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In reply to proposed core curriculum changes

| Monday, September 28, 2015

I was deeply troubled by your article, “Committee prepares core curriculum changes” and its fait accompli attitude, especially when considering the amount of technical scholarship that is purportedly being jettisoned in favor of populist rhetoric and speculative studies.

First, let’s take a macro-level look at this situation. We are told the curriculum is reviewed every 10 years and that the current version has not changed in 30 years. Then we are informed that a review has been undertaken and some discussions have taken place with the some of the faculty and some of the students. The comment that these discussions “felt like a mere formality” is not surprising given the conclusory title of the article. The committee is supposed to make recommendations for curriculum changes, not to prepare to change the curriculum and then inform the alumni and students of the changes they have decided to make sua sponte. The disingenuous nature of this presumption is galling and at this moment appears to be an underhanded and intellectually dishonest scheme.

Next there is the issue of the suggested changes to the current curriculum of core courses. The courses as they stand now are traditional courses that have been studied at the university level for thousands of years in some form or another. They represent the core of actual, proven and achievable knowledge. They are the litmus test that all the alumni and our current undergraduates are being judged and graded by in seeking a Notre Dame diploma. The product Notre Dame sends out into the world is superior and it is so because employers know that Notre Dame students have been prepared to think critically, honestly and to fight for what is right and true. The Notre Dame graduate is an extremely well educated, critical thinking person of great value to their employer, their co-workers, their community and their friends. Their scholarship is measurable in meaningful and quantitative terms specifically because of a foundation that is diverse (in scope) and demands critical thinking and scholarship in a traditional university education that dates back to the beginning of the university system itself.

So as not to be close minded, let us look at the proposed curriculum changes, un-voted upon and not formally adopted, but that certainly form the desire and goal of the presumptuous review committee. Preliminary review of the topics listed include: ecological literacy, U.S. diversity, community-based engaged learning and media literacy. At first blush I would offer that every student applying to Notre Dame has probably accomplished the bulk of this work firsthand in their volunteer work from middle school and through high school. The resumes of Notre Dame students have always been abundant with service work in under-served communities and with special interests focusing on global issues. This suggested curriculum on its face appears to be redundant and preaching to the choir.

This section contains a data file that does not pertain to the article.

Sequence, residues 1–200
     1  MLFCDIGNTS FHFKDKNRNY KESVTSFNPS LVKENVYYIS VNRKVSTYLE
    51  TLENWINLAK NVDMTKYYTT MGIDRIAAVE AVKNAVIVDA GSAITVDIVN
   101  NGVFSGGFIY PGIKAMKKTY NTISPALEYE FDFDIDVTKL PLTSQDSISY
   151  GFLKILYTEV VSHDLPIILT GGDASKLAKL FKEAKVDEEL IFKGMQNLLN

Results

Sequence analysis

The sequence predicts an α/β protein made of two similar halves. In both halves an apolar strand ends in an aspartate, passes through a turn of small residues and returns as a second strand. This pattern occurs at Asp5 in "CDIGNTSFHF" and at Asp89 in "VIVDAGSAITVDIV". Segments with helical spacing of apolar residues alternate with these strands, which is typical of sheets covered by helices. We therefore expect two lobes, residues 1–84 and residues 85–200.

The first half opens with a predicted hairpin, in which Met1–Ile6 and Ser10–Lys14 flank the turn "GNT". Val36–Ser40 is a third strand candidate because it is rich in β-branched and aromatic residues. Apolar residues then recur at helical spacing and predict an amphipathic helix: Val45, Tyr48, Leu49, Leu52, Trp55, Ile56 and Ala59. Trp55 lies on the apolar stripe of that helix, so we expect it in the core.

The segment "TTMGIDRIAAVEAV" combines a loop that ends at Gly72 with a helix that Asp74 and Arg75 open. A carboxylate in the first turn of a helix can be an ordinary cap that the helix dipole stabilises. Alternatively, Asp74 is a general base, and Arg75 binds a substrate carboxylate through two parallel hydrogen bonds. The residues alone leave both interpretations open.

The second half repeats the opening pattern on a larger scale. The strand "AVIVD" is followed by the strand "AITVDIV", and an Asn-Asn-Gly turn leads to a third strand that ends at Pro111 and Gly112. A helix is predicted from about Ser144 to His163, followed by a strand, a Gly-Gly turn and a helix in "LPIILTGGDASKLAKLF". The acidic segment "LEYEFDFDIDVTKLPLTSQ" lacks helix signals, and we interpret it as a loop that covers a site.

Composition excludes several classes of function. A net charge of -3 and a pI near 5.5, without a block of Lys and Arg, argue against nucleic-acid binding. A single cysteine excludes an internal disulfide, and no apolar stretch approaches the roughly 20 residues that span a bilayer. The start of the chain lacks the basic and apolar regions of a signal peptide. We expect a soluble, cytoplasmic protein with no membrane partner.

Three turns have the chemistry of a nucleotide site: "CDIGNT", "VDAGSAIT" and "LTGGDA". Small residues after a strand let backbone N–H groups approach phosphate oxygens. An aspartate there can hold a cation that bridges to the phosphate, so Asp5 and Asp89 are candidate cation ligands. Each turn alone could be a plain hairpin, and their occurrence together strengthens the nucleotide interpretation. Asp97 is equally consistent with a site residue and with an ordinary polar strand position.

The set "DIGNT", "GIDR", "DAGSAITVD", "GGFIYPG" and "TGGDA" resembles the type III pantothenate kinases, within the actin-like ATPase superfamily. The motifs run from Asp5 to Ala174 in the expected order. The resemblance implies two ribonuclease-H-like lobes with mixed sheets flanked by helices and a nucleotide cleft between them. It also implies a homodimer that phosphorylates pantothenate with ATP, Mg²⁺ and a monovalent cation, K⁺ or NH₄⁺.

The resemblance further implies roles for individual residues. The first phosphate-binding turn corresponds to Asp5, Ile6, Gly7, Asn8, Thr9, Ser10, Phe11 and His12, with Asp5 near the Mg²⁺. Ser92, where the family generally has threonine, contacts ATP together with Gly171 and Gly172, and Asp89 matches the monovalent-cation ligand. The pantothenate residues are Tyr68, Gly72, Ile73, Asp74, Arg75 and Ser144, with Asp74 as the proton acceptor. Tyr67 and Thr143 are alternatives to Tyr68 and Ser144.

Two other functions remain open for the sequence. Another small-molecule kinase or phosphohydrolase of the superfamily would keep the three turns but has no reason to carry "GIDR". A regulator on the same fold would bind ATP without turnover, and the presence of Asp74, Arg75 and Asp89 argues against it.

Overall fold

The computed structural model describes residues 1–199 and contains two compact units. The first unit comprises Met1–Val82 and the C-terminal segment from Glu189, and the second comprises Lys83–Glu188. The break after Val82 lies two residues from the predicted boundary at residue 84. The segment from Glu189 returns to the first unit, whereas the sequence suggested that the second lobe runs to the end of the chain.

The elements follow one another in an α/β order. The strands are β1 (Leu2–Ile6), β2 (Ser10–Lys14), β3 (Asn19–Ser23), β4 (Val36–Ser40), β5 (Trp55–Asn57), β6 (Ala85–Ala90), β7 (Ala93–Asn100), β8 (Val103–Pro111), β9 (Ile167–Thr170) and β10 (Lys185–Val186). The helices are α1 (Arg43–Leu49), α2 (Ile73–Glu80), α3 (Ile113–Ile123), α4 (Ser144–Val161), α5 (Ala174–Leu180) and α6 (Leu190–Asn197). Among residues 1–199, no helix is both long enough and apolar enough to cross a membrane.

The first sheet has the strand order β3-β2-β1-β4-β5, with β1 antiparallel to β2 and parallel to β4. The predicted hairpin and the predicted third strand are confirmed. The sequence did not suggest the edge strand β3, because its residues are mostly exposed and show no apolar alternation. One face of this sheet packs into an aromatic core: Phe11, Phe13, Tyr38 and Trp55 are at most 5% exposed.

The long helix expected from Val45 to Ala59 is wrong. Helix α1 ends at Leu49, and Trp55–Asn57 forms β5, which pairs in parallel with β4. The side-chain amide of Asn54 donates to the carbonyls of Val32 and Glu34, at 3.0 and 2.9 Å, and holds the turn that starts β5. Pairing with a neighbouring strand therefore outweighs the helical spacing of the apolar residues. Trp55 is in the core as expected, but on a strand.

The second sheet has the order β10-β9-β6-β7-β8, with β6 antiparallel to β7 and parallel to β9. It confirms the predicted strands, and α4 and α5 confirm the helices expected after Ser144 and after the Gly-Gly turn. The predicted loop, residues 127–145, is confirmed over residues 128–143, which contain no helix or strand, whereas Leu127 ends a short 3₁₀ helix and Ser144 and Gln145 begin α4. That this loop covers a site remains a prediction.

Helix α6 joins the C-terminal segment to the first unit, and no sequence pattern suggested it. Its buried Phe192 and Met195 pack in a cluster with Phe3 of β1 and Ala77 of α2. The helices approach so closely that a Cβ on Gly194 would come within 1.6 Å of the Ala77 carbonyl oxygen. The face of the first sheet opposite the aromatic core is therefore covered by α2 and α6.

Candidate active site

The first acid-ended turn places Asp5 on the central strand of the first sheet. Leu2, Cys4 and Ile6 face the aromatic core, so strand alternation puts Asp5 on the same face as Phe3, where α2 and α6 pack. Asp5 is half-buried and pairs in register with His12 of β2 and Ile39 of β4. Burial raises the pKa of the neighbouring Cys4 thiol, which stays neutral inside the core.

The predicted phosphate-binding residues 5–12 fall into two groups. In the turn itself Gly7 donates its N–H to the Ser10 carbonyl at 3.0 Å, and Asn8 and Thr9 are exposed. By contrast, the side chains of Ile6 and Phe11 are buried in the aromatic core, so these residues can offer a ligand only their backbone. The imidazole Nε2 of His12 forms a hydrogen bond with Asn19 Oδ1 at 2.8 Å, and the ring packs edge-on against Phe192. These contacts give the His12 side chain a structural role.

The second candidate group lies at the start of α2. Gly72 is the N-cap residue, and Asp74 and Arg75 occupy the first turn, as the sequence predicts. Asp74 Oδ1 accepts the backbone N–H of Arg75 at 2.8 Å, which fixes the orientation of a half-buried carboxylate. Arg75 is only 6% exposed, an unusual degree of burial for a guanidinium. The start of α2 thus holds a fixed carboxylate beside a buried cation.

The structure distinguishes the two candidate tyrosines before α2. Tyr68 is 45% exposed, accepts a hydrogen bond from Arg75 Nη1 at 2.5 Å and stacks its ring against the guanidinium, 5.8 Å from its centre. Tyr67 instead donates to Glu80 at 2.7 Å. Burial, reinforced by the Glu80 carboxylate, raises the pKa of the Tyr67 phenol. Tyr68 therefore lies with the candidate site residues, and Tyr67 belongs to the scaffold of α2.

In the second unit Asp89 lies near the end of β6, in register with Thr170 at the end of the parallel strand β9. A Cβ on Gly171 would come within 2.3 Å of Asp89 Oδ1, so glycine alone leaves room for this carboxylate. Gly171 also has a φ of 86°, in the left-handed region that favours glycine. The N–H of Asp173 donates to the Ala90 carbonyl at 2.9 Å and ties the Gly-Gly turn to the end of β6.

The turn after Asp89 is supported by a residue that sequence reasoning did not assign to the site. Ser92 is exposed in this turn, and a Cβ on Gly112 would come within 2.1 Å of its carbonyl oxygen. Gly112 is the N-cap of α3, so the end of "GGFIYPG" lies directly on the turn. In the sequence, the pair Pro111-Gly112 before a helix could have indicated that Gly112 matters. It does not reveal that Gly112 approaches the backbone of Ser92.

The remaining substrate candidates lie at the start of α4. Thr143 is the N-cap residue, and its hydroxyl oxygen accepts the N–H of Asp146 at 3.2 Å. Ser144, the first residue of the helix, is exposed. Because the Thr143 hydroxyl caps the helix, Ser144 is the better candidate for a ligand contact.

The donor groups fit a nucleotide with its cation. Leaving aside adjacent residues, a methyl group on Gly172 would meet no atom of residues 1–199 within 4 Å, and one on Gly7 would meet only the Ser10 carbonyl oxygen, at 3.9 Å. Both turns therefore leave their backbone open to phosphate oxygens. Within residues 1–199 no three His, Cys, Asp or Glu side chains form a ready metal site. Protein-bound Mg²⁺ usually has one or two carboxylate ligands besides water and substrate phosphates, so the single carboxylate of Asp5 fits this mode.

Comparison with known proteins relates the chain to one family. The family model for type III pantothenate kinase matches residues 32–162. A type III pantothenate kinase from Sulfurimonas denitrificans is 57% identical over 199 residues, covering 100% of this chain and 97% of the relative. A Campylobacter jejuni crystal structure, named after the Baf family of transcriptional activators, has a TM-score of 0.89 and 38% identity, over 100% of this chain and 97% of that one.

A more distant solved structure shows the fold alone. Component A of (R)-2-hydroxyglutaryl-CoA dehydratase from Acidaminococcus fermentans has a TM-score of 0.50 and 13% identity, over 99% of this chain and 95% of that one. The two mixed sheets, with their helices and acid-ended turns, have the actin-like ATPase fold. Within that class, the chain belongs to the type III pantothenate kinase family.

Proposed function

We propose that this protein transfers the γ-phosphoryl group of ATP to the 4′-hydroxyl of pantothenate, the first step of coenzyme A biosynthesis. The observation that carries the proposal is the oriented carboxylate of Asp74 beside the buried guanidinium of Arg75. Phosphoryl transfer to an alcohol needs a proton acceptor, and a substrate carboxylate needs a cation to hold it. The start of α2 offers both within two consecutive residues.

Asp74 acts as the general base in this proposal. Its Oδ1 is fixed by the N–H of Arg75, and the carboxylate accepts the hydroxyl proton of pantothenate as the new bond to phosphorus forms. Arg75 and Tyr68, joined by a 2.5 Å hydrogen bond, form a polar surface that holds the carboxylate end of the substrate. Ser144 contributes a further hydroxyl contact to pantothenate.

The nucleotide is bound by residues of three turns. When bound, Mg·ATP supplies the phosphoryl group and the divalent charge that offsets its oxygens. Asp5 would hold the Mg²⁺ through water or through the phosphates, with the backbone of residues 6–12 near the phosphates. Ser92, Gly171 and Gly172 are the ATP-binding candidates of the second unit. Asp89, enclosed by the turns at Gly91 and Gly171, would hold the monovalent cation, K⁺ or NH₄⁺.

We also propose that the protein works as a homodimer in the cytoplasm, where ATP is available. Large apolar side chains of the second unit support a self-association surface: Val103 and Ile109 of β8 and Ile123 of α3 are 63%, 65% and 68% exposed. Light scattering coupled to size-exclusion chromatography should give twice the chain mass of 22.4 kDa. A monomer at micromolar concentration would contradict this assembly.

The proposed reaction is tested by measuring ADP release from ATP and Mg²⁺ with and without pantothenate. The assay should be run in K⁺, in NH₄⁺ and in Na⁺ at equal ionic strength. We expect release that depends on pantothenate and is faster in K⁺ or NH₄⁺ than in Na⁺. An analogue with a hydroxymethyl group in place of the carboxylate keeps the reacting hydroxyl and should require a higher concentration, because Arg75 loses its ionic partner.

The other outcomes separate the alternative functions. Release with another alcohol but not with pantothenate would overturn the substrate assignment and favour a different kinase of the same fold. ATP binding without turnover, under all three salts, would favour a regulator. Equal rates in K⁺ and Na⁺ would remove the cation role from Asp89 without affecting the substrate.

In truth I agree with the students who believe classes like these should be one-credit seminars and not the foundation of scholarly achievement. The suggested, more truthfully “announced” changes are not areas of settled science or social science and are more political in nature than the traditional and truly settled curriculum now in place. In all frankness, this is the stuff of indoctrination and not education. A well educated person can judge for themselves the need for such subject matter and its utility in their lives.  If the committee is so determined to politicize education then take it to the elementary schools, middle schools and high schools, but leave such subjective and political matters out of the proven educational underpinnings of a Notre Dame education.

Finally, the fact that there has been no public discussion on the selected/proposed changes, coupled with the fact that they have not been openly broadcast to the alumni who make the committee’s jobs possible, is the stuff of backroom political deals. Ironically, this information was dumped in the Friday edition of The Observer, the traditional day in the media where unpleasant and unfavorable news is dumped to languish over the weekend in hopes that a breaking issue on Monday will push it so deeply into the background that all dissent is muted or silenced. How is that for media literacy? And I didn’t even have to take a one credit seminar to figure that out. God save us from ourselves.


William G. Norberg Jr.
class of 1987

The views expressed in this Letter to the Editor are those of the author and not necessarily those of The Observer.


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